Rasavahini Test drive: Vespa Elettrica: The cult scooter is quiet

Rasavahini Test drive: Vespa Elettrica: The cult scooter is quiet

Rasavahini                                                                             With a spoon I stir in the head of my cappuccino. The morning sun bathes Piazza Walther in warm light and I try to capture this moment of pleasure: a moment of perfect Italy. Emotions embodied by the scooter manufacturer Piaggio for more than half a century. Over 70 years ago, the Vespa was a cheap everyday vehicle on wheelbarrow tires, that’s not it anymore. And at the latest with the Vespa Elettrica, the Italians have arrived in modern times. (Also interesting: 7 electric sports exotics you’ve never heard of)                          At first glance, the E-Vespa is hardly noticeable.                 © Felix Strohbach             From Bolzano to Merano, there are just 30 kilometers. The battery is charged and the digital display shows 77 kilometer range, we should do that without any problems. Carefully, I turn the handle backwards until the Vespa lunges forward. After my feet are safe again, my companion sits behind me. We also have space for two comfortably on the seat. The acceleration of the Vespa remains sporty throughout the ride, only the range drops slightly faster than expected due to this driving style. On the winding country road, the Vespa feels stable and safe, in parts it goes uphill. Downhill, the Vespa recuperates with a two-stage Kinetic Energy Recovery System. While we swim in the city without any problems in traffic, we are slightly overtaken by land a few times. With displayed 49 km / h we pass only one racing cyclist.                          The display is high quality and clearly arranged.                 © Felix Strohbach             Vespa Elettrica: driving pleasure in power mode After forty minutes, we reach the sign for Merano. 53 Kilometer remaining range should be enough for the way back. With a sense of security, we meander through the city traffic, drive through historic archways and explore Merano comfortably from the scooter. Again and again I turn the handle briefly to the stop backwards and enjoy the full acceleration. From the quiet whir of the electric motor undisturbed, we talk about possible cafes on the roadside, which we could head for. Through the many roundabouts, pedestrian areas and one-way streets, we circulate several times around the city center, until we find a parking space. Silently, we glide on the sidewalk and join the other two-wheeler. With momentum I jack up the 130 kilogram heavy E-Vespa and let the steering wheel lock engage. A helmet fits under the seat, the second we have to take. Time for an espresso break in the sun.                          Only those who look closely notice the missing exhaust system.                 © Felix Strohbach             Before embarking on the return journey, I try to connect my smartphone to the Vespa. Unfortunately, I first have to download the associated app and register to find out that I do not have the right helmet for the Bluetooth communication system. The app also allows you to transfer messages to the Vespa display without a helmet, display the parking position and save current vehicle data. I turn the key and switch to reverse. A beep signal sounds and repeats every two seconds. The otherwise quiet Vespa has been transformed into a truck for a short time. Embarrassed, I roll backwards and switch quickly back into forward gear. Despite enough range I choose the mode “ECO”. The acceleration is now gentler and at indicated 34 km / h is over. That’s just enough for the viscous traffic in the city center. As soon as the traffic rolls again I switch back to the mode “POWER”. Bolzano direction is slightly downhill. We drive past petrol stations with expensive petrol prices and reach the sign Bolzano about half an hour later. After a few laps through the city, a yellow battery icon lights up. (******************************************************************************************************************************************************                          Blue trim frames the sweeping silhouette.                 © Felix Strohbach             Charged forward in four hours, turn handlebars and push backwards. And again. After a few tries, the Vespa is backwards at a window. I unlock the seat pad and flap it forward. A gas station plug icon indicates the charging cable. The batteries are firmly installed in the Vespa and the cable is two meters short. I pull the cable out as far as possible and pass it through the open window. With a multiple socket we bridge the distance to the nearest outlet. Switch on and the charging process begins. The seat cushion can be closed thanks to a small opening for the cable, the window must remain open. Almost four hours later, the room is heated and the Vespa loaded.                          The permanently installed batteries are a disadvantage.                 © Felix Strohbach             Conclusion Up to 200 Newton meters of torque feel powerful and two people carry the Vespa over 70 kilometers. For everyday use removable batteries would be much more useful, not everyone has an external socket or can leave his window open for several hours. The Vespa Elettrica is of high quality and exudes comfort and luxury. Even with an electric motor, it embodies the Italian attitude to life that stands for the Piaggio brand. At least 6. 390 euros will cost the first electric Vespa. A cappuccino at the Piazza Walther in Bolzano costs 2, 90 Euro and sun is free. (Also read: Fiat 500 Jolly Spiaggina Icon-e: So drives the Fiat classic car with electric motor)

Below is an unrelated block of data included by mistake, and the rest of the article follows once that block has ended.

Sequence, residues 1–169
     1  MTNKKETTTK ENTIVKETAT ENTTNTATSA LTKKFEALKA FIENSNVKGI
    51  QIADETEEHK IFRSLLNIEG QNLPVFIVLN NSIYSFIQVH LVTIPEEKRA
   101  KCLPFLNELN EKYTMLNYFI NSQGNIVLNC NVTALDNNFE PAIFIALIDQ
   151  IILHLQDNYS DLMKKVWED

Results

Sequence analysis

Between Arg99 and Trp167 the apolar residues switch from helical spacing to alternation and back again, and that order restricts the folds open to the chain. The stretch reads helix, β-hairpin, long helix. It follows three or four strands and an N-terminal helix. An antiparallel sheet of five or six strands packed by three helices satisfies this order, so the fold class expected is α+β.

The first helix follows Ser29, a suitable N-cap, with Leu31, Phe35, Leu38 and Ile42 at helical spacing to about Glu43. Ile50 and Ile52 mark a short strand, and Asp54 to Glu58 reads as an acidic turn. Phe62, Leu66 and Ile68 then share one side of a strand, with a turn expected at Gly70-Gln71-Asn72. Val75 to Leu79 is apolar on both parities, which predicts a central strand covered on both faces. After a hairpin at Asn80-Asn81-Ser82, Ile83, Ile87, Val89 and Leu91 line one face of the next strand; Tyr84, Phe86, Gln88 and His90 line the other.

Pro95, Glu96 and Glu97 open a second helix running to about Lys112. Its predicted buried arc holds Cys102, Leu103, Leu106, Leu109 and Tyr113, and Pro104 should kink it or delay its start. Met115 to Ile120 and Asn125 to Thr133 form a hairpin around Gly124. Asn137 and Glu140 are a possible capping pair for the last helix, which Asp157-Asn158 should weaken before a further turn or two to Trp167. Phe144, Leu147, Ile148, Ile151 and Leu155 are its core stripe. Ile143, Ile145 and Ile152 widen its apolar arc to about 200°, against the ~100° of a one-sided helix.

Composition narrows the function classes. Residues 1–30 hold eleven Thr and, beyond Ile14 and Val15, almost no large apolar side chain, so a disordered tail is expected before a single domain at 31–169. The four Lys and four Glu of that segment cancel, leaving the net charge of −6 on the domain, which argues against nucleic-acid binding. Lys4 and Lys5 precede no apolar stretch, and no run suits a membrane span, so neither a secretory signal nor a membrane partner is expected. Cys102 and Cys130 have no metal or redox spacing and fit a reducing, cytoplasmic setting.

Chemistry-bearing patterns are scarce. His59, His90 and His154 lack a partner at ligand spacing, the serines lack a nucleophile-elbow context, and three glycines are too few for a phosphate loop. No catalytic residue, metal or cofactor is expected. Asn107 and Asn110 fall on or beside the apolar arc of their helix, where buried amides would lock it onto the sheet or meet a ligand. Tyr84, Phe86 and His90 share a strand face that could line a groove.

Read More

Leave a Reply

Your email address will not be published. Required fields are marked *